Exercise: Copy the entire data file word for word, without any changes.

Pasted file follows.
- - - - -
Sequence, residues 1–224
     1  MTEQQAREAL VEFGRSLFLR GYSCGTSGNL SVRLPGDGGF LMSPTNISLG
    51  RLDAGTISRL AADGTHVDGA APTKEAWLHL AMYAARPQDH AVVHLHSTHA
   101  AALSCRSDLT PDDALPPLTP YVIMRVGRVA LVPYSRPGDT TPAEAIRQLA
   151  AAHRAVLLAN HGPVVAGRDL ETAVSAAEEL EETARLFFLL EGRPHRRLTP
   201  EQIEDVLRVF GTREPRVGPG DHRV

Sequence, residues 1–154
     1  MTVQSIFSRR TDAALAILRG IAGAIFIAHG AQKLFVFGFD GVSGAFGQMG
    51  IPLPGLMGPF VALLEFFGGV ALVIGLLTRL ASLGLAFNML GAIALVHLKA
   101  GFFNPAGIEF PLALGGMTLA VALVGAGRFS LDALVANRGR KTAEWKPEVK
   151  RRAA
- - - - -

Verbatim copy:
Sequence, residues 1–224
     1  MTEQQAREAL VEFGRSLFLR GYSCGTSGNL SVRLPGDGGF LMSPTNISLG
    51  RLDAGTISRL AADGTHVDGA APTKEAWLHL AMYAARPQDH AVVHLHSTHA
   101  AALSCRSDLT PDDALPPLTP YVIMRVGRVA LVPYSRPGDT TPAEAIRQLA
   151  AAHRAVLLAN HGPVVAGRDL ETAVSAAEEL EETARLFFLL EGRPHRRLTP
   201  EQIEDVLRVF GTREPRVGPG DHRV

Sequence, residues 1–154
     1  MTVQSIFSRR TDAALAILRG IAGAIFIAHG AQKLFVFGFD GVSGAFGQMG
    51  IPLPGLMGPF VALLEFFGGV ALVIGLLTRL ASLGLAFNML GAIALVHLKA
   101  GFFNPAGIEF PLALGGMTLA VALVGAGRFS LDALVANRGR KTAEWKPEVK
   151  RRAA